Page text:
But a new technology called a "coronary calcium scan" uses a high speed, multi-slice, computerized tomography (CT) machine to scan the heart in just minutes and can provide early diagnosis of problems, sometimes years before they occur.
Coronary calcium scans provide detailed 3D images of the coronary arteries so your physician can look for calcium in the arteries. Calcium indicates arteriosclerosis or hardening of the arteries. Standard calcium scores have been developed. A moderate or high calcium score markedly increases your heart attack risk. An absence of calcium markedly reduces your risk.
So should I get one? Shouldn't everyone? Well, as with any new technology it needs to be thoroughly studied before one can recommend it widely. The widespread use of coronary calcium scans is controversial but the evidence that they can be helpful is growing.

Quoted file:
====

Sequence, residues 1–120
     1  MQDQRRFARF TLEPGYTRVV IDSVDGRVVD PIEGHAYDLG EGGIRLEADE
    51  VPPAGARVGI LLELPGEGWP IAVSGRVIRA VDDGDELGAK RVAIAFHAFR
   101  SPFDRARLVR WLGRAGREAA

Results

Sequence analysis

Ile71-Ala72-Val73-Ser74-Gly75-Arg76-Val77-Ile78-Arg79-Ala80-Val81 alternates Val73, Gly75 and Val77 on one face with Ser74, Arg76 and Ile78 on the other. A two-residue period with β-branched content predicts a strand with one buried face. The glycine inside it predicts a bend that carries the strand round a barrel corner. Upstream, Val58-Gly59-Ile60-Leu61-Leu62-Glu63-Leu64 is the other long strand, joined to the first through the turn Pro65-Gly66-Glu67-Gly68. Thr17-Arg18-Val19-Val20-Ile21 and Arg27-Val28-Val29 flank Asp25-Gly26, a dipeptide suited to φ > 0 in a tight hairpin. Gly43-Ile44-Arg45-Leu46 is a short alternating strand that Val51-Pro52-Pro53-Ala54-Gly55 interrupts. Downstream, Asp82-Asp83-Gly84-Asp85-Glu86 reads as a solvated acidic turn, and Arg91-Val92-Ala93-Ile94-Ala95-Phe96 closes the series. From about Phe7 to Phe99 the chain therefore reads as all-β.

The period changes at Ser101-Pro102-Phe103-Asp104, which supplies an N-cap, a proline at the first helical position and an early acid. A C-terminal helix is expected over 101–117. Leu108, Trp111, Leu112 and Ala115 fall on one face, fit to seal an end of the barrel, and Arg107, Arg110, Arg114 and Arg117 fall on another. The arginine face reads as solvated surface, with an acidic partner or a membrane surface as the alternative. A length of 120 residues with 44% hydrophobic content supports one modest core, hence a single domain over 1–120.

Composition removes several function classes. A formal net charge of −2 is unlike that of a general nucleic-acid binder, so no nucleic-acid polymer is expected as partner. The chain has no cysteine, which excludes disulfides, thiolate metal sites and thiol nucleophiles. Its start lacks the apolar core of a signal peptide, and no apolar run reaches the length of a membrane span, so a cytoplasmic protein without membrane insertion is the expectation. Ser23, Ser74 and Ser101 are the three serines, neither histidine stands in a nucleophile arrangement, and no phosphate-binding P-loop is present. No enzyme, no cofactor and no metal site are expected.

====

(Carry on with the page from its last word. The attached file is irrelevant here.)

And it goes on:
Some Shocking Facts about Heart Disease in "Healthy" Men
One of our research goals is to study the utility of this novel technology. We are adding to the evidence that suggests coronary calcium scoring can be a lifesaver at our research institute in Hawaii. We have two studies of coronary calcium. These studies assess lifestyle risk factors for heart disease and whether such scans can be helpful. One study is looking at "young" (aged mid-forties) Japanese-American men and comparing the coronary calcium score to Japanese men in Japan. In this study the results have been rather shocking. Many of the men in our study of otherwise healthy Japanese-American men (no heart disease diagnosis and no other serious disease) have a high coronary calcium score suggesting that are at serious risk of a future heart attack. Yet, the men in Japan have virtually no calcium in their coronary arteries. We don't yet know why--but better diets, lower body fat levels and other lifestyle factors are highly likely. Stay tuned for more.